Harmonicas: Either Hohner Special 20 or Lee Oskar recorded with the RODE NTK.

Percussion: A Pearl cajon and a Remo pear-shaped fruit shaker

I added a couple of other things here and there with the midi keyboard.

I followed the same basic pattern for every song. I would open up a new track in GarageBand and do a rough recording of me playing and singing the song into the RODE NTK mic. This next part is probably the strangest part of my whole process: I would plug in my old Alesis SR-16 drum machine. It has a tap tempo function. So while I’m listening to what I just recorded, I would tap the tap tempo button on the drum machine. This would tell me my tempo in beats per minute. I would then use this tempo as my starting point for the click track of the song. This way I’m basing the tempo on a free form performance of the song. The result (I think) is a much natural tempo for each of the songs if that makes any sense.

Once I’d have the tempo established, I’d plug in a midi keyboard and create a one measure drum track, usually rim shot and kick drum using that tempo. Then I could loop that drum track and make it my click track. (a click track is a rhythm track you listen to on headphones while you record the other parts to make sure you are playing everything at the same tempo.) I’d play along with my click track a couple of times to make sure the tempo felt right and make any adjustments if it didn’t.

Once I had the tempo established and the click track laid down, I would do a scratch track of guitar and vocals. (The scratch track is just a reference track that will not be part of the final recorded song.) I’d just put the mic somewhere in the middle and play the whole song. This sets up the basic skeleton of the song. It give me the intro, the verses, the chorus, solo break(s) and the outro. This part is always a bit tricky for me because the song will usually be a bit different from the way I play it live. Even if it’s not different, I have to make a “final” decision as to the structure of the song. When I play live I just play whatever feels right at the time. But with recording I need to decide on an intro, what kind of solos, breaks, etc.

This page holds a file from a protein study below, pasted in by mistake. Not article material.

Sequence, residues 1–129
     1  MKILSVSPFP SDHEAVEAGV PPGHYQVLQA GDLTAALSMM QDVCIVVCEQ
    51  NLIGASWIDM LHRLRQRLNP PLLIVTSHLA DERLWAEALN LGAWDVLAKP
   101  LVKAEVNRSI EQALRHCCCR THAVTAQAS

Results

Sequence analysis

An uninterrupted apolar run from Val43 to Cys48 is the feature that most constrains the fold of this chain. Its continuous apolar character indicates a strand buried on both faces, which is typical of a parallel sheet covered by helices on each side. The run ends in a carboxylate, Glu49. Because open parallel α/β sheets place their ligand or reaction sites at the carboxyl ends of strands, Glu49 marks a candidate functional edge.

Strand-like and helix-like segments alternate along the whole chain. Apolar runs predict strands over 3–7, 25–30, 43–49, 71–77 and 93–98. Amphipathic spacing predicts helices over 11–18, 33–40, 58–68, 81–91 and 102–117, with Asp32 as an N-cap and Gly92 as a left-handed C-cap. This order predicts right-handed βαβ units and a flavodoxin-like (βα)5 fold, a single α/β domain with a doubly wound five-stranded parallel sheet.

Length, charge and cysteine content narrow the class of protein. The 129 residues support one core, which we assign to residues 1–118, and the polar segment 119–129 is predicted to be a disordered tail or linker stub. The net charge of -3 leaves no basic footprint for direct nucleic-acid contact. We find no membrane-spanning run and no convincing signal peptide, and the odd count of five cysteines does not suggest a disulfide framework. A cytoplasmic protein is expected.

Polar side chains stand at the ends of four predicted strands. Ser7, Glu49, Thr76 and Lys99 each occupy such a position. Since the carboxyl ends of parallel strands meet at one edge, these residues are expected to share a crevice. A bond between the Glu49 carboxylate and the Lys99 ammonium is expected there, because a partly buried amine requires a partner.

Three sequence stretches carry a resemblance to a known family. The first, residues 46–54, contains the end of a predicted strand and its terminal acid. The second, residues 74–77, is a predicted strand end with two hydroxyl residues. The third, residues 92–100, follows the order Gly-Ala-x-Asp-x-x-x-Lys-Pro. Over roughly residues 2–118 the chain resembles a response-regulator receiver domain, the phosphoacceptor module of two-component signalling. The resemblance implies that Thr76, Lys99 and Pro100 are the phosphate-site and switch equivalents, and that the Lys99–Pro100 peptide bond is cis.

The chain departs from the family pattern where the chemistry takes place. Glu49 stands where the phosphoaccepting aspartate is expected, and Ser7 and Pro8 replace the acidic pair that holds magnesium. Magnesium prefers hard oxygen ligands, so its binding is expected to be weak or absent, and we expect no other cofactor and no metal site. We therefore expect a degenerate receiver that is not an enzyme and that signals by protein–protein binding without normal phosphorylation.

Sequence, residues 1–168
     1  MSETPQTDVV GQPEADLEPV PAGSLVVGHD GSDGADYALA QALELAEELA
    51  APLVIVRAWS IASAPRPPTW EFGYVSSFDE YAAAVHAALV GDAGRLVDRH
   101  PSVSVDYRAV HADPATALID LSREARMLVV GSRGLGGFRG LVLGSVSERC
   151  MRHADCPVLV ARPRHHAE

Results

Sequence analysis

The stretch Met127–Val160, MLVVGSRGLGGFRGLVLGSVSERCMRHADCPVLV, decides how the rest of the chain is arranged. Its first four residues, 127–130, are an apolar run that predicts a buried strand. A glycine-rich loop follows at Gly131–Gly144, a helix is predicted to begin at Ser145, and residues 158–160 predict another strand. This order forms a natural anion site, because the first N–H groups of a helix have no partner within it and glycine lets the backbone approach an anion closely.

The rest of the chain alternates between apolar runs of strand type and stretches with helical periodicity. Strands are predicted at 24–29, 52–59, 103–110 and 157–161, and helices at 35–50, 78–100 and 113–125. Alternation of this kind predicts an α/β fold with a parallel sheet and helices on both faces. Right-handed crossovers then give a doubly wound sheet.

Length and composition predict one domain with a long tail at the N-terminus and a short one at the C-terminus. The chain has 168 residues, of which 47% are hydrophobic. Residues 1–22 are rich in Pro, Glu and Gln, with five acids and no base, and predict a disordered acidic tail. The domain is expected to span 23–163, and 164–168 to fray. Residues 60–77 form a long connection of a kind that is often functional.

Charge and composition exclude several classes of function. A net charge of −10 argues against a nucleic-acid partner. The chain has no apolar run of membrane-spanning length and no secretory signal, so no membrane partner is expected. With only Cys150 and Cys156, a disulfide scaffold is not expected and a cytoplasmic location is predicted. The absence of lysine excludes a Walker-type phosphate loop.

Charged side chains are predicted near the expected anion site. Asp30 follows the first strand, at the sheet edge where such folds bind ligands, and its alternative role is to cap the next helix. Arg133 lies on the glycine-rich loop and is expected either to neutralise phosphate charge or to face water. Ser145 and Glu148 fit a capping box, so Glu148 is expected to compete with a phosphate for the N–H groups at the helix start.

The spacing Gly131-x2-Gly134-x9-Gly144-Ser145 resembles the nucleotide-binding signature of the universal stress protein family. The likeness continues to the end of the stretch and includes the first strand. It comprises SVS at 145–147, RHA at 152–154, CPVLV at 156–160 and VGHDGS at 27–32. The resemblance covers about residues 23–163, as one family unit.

Once I get the bare bones of the song established, it’s time to start recording! I always start with the main acoustic guitar part and work from there. Some songs have several layers of different guitar parts. Then I’d add what I think each song called for. Every song has at least acoustic guitar, bass and vocals. Some have every instrument listed above! It would all just depend on the song and what I thought each one needed at the time. Sometimes I’d have a cold so I couldn’t sing so I’d just add some more guitar!

This is getting pretty long! Is anyone still reading this?